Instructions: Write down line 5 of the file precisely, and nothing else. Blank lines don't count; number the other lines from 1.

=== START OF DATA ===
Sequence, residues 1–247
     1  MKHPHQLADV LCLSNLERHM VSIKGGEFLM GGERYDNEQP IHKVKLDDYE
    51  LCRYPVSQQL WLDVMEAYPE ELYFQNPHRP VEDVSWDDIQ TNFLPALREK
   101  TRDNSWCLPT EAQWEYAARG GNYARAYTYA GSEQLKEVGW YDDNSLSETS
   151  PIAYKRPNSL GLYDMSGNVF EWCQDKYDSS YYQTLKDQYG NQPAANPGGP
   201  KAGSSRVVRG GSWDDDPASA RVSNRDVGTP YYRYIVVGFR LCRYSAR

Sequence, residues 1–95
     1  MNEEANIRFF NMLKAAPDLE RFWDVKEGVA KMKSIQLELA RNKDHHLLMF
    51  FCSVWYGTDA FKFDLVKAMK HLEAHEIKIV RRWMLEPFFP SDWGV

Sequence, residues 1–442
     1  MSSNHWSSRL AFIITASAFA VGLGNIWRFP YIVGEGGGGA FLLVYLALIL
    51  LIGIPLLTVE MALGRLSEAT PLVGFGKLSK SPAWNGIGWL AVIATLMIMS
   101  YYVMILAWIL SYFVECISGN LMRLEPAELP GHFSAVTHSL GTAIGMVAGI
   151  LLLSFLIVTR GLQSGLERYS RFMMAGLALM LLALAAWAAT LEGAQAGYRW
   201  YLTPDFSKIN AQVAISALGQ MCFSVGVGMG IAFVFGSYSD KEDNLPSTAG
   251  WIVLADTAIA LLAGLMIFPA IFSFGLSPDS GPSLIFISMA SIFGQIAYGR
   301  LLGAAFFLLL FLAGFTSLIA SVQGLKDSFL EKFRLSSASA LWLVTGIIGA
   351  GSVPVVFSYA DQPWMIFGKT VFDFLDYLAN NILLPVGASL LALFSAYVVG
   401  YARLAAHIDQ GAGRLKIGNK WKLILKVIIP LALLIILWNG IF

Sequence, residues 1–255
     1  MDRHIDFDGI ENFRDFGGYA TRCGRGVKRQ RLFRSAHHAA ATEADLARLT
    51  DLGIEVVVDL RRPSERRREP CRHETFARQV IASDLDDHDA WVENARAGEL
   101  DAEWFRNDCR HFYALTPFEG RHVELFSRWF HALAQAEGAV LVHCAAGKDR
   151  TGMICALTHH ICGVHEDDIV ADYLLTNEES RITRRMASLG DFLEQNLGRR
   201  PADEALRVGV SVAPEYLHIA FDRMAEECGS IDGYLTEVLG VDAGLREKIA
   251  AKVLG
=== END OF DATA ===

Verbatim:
   151  PIAYKRPNSL GLYDMSGNVF EWCQDKYDSS YYQTLKDQYG NQPAANPGGP